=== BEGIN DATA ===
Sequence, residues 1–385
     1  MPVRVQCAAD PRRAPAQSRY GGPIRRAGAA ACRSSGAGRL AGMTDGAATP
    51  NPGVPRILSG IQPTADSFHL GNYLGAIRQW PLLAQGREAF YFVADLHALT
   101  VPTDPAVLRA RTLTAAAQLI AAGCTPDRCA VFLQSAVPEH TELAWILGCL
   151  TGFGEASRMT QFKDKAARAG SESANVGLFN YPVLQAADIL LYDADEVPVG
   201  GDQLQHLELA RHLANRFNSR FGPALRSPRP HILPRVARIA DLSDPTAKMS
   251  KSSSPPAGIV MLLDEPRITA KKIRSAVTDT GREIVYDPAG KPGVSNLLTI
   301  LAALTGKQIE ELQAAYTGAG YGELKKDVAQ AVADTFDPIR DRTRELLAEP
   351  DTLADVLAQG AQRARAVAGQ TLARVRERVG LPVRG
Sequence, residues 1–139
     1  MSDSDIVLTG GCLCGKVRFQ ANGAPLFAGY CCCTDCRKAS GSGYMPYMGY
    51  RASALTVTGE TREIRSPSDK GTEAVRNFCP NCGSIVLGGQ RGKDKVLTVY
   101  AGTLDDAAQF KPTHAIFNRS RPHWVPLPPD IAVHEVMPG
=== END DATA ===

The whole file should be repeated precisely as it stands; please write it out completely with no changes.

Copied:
Sequence, residues 1–385
     1  MPVRVQCAAD PRRAPAQSRY GGPIRRAGAA ACRSSGAGRL AGMTDGAATP
    51  NPGVPRILSG IQPTADSFHL GNYLGAIRQW PLLAQGREAF YFVADLHALT
   101  VPTDPAVLRA RTLTAAAQLI AAGCTPDRCA VFLQSAVPEH TELAWILGCL
   151  TGFGEASRMT QFKDKAARAG SESANVGLFN YPVLQAADIL LYDADEVPVG
   201  GDQLQHLELA RHLANRFNSR FGPALRSPRP HILPRVARIA DLSDPTAKMS
   251  KSSSPPAGIV MLLDEPRITA KKIRSAVTDT GREIVYDPAG KPGVSNLLTI
   301  LAALTGKQIE ELQAAYTGAG YGELKKDVAQ AVADTFDPIR DRTRELLAEP
   351  DTLADVLAQG AQRARAVAGQ TLARVRERVG LPVRG
Sequence, residues 1–139
     1  MSDSDIVLTG GCLCGKVRFQ ANGAPLFAGY CCCTDCRKAS GSGYMPYMGY
    51  RASALTVTGE TREIRSPSDK GTEAVRNFCP NCGSIVLGGQ RGKDKVLTVY
   101  AGTLDDAAQF KPTHAIFNRS RPHWVPLPPD IAVHEVMPG